Fargoans aren't like other folks.

You start to sense a change in the people while waiting to board your flight from Minneapolis to Fargo. After seeing thousands of travelers as I passed through the Charlotte and Chicago airports, these people in the seating area begin to transform. They're a little softer. They smile a little more. They appear relaxed and comfortable in the company of the strangers around them.

Maybe that's it. There doesn't seem to be any strangers. People are less apt to be glued to their cellphone screens, pie-eyed within their perimeter of personal space.

Every flight I've been on from MSP to FAR feels like I'm crashing a party on a private jet. People are smiling and reaching over seatbacks to shake hands, asking the fellow in 14B about his mother because she's an old classmate of the woman in 13A. It feels safe. It feels warm. It feels like home.

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I arrived in Fargo for a three-week vacation with my husband and two sons a few weeks ago and walked around town as though in a museum, my mouth agape. I couldn't stop staring. I became that freaky lurker. It's just that these Fargo people amazed me.

My parents drove us to the Moorhead Dairy Queen one evening to join the throngs of people lined up for cones and Blizzards. It was pretty busy so the wait was understandably long. I glanced around, expecting to see frowning faces. Nope. They appeared unfazed by the wait in the 95-degree heat. And when we got up to the window-I swear it-the gal there was downright giddy to take our order. She made me feel like we were being welcomed into her home instead of being asked for my order. There's no sense of "This is only a job." There's real joy in the workplace. It doesn't feel contrived or like it was bought with an hourly wage.


People in Fargo seem to think of others before themselves. They hold the door for the next person because they want to, not because it's expected of them. They do it for the little puff of joy that comes from helping someone out in even the smallest way.

In searching for a word to describe the atmosphere in Fargo, I kept coming back to optimistic. People look like they're in a good mood. They're approachable, open and warm. There's a sincerity here that is almost palpable. They don't ramble off "Have a good day" out of sheer habit. They actually mean it.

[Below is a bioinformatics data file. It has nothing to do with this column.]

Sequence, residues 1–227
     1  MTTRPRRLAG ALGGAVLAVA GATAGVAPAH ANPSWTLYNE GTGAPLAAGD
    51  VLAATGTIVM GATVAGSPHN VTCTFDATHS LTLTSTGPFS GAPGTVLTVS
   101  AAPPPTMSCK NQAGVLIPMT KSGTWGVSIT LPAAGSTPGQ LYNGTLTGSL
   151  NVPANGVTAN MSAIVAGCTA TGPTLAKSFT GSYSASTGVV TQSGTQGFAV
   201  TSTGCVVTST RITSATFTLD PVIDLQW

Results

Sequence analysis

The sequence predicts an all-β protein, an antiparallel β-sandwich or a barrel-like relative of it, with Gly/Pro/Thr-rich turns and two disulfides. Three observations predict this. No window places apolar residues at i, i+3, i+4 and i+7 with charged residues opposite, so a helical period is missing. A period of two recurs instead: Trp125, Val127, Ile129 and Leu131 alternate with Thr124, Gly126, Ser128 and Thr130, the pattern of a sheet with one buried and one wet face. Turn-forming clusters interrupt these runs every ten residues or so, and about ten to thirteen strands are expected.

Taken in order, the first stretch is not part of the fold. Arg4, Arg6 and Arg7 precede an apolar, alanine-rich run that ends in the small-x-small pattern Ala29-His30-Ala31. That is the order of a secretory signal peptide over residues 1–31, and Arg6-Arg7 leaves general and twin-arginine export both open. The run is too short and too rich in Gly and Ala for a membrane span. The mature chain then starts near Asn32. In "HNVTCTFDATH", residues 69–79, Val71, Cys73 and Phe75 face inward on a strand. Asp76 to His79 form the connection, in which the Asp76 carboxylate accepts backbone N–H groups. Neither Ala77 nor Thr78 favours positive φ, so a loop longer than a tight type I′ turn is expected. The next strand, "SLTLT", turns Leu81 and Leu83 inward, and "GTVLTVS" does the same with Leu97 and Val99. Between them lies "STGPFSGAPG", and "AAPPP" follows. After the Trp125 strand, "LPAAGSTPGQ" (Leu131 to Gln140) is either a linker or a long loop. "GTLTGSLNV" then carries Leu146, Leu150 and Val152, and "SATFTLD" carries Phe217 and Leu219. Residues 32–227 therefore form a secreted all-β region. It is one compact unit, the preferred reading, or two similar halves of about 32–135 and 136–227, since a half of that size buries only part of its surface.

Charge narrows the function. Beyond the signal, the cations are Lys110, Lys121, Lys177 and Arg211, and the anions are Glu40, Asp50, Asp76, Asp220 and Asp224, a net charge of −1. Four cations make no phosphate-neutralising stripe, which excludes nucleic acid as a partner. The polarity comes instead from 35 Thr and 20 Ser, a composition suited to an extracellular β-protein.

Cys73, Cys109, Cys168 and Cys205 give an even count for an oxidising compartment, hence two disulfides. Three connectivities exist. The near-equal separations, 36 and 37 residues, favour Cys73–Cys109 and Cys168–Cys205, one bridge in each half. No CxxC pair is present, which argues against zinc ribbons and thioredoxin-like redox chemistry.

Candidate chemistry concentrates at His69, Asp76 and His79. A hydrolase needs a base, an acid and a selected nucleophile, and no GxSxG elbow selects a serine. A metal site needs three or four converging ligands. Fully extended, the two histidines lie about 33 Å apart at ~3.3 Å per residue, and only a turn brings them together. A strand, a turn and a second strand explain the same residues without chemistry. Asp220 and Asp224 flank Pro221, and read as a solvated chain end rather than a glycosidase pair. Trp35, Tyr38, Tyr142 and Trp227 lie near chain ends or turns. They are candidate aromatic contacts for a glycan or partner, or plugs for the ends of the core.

My heart swells with pride to look around Fargo-Moorhead. I was raised here. This is my home, regardless of my South Carolina address since 2001. Families are still families here, not just related people living together under one roof. Strangers band together to help one another. Again, not because they're required to do so, but because, deep down, they love each other. Being in Fargo makes me want to be a better person. These people aren't nice. I think of "nice" as a person who wears a plastic smile and eyes filled with hate. No, Fargoans are genuinely friendly. It's not an act. These folks really mean it.

We're looking

Schools are beautiful. Streets are clean. Even the garbage truck looks proud. That's probably why we can't find a house in Fargo. The secret is out. Forget the house on the beach or in the mountains. You're living in paradise right here. We've been wanting to move back to Fargo for years, but I won't give up. I won't stop trying to find a house, a job and a great neighborhood in which to raise my children.

It's a good place.

With good people.

I love my hometown.

Thank you, Fargo.

Fargo native Jones is a contributing writer to the Atlanta Journal-Constitution. She lives in Anderson, S.C.